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Mining foes take fight to state capitol
SoVaNow.com / January 21, 2013Halifax County officials are pushing for a big turnout Jan. 28 at an anti-uranium rally at the State Capitol, in the run-up to a General Assembly vote on whether to lift the 1982 ban on mining in Virginia.
With the introduction of House and Senate bills last week to effectively lift Virginia’s moratorium (see story below), uranium mining was the chief topic of discussion for the Halifax County Industrial Development Authority at its meeting Friday.
“This is the most important issue to come before us since I have been on this board,” said IDA Chairman John Cannon. “The perception attached to the mining and milling of uranium hurts economic development, as well as real estate sales.”
The Richmond rally, to be held at the Capitol Square next Monday starting at 1 p.m., is expected to draw thousands from around the state, representing local communities and governments, land use and environmental groups, and religious and civil rights organizations.
We The People of Virginia, Inc., a local opposition group headed by Jack Dunavant, is providing free bus transportation from St. John’s Episcopal Church in Halifax, with a 9:30 a.m. departure. All members of the public are invited to join the local contingent.
The rally comes into response to Virginia Uranium Inc.’s push to lift the ban on mining at the Coles Hill site in Pittsylvania County, where the company hopes to mine an estimated 119-million pound ore deposit.
Governing bodies in Halifax County, South Boston and the Town of Halifax have stated their opposition to mining, pointing to the risk of radioactive toxins being released downstream into the Roanoke River basin and into the atmosphere. Southside communities have been joined in opposition by Virginia Beach, Norfolk and North Carolina localities that draw water supplies from the Roanoke River basin.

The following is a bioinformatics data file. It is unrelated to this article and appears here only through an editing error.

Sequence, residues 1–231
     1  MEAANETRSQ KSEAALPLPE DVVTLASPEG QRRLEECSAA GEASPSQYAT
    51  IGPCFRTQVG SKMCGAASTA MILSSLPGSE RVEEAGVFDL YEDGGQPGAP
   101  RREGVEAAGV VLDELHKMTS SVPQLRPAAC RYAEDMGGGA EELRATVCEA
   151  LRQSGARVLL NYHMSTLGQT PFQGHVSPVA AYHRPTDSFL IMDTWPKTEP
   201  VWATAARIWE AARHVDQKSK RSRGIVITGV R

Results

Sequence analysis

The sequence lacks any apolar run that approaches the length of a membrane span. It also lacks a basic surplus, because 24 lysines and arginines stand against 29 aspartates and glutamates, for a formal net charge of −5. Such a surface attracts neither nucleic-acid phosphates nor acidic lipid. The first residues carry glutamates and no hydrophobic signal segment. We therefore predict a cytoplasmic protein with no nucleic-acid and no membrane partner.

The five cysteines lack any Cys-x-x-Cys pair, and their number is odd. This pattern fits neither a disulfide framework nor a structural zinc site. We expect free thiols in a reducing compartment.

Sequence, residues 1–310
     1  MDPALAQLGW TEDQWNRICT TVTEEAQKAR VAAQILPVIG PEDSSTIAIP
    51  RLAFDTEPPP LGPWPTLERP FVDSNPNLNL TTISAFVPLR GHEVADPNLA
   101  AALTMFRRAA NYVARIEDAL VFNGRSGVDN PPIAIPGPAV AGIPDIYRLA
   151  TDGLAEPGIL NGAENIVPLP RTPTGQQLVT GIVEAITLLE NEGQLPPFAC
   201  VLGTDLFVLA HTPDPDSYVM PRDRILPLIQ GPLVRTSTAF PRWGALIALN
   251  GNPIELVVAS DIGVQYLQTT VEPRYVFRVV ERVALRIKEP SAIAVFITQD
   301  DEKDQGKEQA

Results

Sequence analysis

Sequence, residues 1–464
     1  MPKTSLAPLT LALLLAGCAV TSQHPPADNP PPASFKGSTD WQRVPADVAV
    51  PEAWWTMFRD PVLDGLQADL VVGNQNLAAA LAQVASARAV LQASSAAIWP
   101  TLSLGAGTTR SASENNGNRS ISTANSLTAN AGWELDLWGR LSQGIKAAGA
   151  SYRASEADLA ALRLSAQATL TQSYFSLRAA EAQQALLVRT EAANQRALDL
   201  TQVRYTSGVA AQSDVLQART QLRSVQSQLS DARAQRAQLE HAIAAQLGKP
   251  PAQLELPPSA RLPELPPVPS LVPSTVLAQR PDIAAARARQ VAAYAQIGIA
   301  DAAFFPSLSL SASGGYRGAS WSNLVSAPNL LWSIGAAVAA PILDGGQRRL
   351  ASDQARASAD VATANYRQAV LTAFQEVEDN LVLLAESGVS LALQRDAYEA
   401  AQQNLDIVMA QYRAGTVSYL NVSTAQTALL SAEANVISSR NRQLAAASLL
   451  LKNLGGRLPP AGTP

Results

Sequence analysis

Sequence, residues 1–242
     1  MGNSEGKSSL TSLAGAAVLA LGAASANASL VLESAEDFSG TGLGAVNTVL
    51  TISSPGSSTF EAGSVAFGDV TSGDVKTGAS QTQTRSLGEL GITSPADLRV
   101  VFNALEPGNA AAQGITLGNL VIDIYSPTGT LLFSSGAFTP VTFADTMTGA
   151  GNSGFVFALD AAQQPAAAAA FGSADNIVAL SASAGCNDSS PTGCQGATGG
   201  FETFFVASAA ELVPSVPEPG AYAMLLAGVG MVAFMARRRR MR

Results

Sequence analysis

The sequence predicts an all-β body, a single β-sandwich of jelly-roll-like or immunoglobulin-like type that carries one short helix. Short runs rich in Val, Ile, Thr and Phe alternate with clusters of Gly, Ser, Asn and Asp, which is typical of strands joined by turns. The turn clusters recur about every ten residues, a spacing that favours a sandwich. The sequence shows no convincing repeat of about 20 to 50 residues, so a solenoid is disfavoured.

Cannon urged board members to plan to go to Richmond next Monday, pointing out that more than $200,000 has been raised locally to carry on the fight against the VUI project.
“It’s tough when we have to spend so much time and so much of our resources on this defensive move,” added IDA director and former legislator Ted Bennett, “but it is so important.”
Bennett said uranium mining threatens efforts to turn around the local economy after the loss of traditional Southside industries such as furniture and textiles. He noted that Halifax County, along with Rockingham County, has been recognized by state economic development officials for having “the most advanced” development program in the state — progess that the VUI project would undo, he argued.
HRHS President Chris Lumsden, also an IDA director, said the recent six days of constant rain “should have helped our case, I believe.” He was referring to the fact that uranium mining has been restricted in the United States to dry climates, in contrast to Southside Virginia, which receives abundant rainfall.
“This is going to be a long distance race and while we may win the initial sprint, it’s not going away,” said Lumsden.
Last week, Virginia Uranium brought supporters of the mining project to Richmond for a legislative hearing, drawing statewide publicity. VUI, which contends that mining can be conducted safely, argues that the Coles Hill project will create up to a thousand jobs and generate millions in tax-revenue for economically-depressed Southside.
We The People’s Dunavant, in an appeal to mining opponents, urged them to counter the “70 paid stooges” brought in by VUI. “Our numbers will say it all,” he stated.
“If we sit back we’re doomed — a handful of Richmond politicians will shove uranium mining down our throats. It’s now or never,” he continued.
Legislation to create a regulatory framework for mining was introduced in the House of Delegates by Manassas Republican Jackson Miller and in the State Senate by Powhatan Republican John Watkins. Commerce committtees in both chambers are expected to take up the bills in the coming days, although no votes have been scheduled.
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